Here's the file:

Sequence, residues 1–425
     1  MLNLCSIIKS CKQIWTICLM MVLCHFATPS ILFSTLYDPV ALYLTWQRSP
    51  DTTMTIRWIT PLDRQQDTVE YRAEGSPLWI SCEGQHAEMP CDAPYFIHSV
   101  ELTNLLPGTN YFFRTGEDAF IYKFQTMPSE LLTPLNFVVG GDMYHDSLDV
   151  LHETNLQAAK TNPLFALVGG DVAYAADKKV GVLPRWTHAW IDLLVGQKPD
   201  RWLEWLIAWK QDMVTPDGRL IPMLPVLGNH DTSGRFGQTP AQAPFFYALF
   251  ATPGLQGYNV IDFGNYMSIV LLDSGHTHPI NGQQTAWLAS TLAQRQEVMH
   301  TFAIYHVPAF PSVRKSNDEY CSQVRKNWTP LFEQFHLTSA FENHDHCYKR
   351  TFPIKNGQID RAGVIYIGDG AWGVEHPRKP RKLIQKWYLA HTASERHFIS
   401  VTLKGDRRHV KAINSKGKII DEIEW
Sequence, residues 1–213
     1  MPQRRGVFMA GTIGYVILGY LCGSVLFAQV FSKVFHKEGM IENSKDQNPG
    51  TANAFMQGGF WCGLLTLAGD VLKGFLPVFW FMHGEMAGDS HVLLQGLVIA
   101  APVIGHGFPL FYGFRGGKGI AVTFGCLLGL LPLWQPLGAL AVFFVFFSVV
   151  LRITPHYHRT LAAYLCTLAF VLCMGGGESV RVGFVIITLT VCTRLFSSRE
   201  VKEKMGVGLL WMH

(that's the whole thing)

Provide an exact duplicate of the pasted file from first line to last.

Sequence, residues 1–425
     1  MLNLCSIIKS CKQIWTICLM MVLCHFATPS ILFSTLYDPV ALYLTWQRSP
    51  DTTMTIRWIT PLDRQQDTVE YRAEGSPLWI SCEGQHAEMP CDAPYFIHSV
   101  ELTNLLPGTN YFFRTGEDAF IYKFQTMPSE LLTPLNFVVG GDMYHDSLDV
   151  LHETNLQAAK TNPLFALVGG DVAYAADKKV GVLPRWTHAW IDLLVGQKPD
   201  RWLEWLIAWK QDMVTPDGRL IPMLPVLGNH DTSGRFGQTP AQAPFFYALF
   251  ATPGLQGYNV IDFGNYMSIV LLDSGHTHPI NGQQTAWLAS TLAQRQEVMH
   301  TFAIYHVPAF PSVRKSNDEY CSQVRKNWTP LFEQFHLTSA FENHDHCYKR
   351  TFPIKNGQID RAGVIYIGDG AWGVEHPRKP RKLIQKWYLA HTASERHFIS
   401  VTLKGDRRHV KAINSKGKII DEIEW
Sequence, residues 1–213
     1  MPQRRGVFMA GTIGYVILGY LCGSVLFAQV FSKVFHKEGM IENSKDQNPG
    51  TANAFMQGGF WCGLLTLAGD VLKGFLPVFW FMHGEMAGDS HVLLQGLVIA
   101  APVIGHGFPL FYGFRGGKGI AVTFGCLLGL LPLWQPLGAL AVFFVFFSVV
   151  LRITPHYHRT LAAYLCTLAF VLCMGGGESV RVGFVIITLT VCTRLFSSRE
   201  VKEKMGVGLL WMH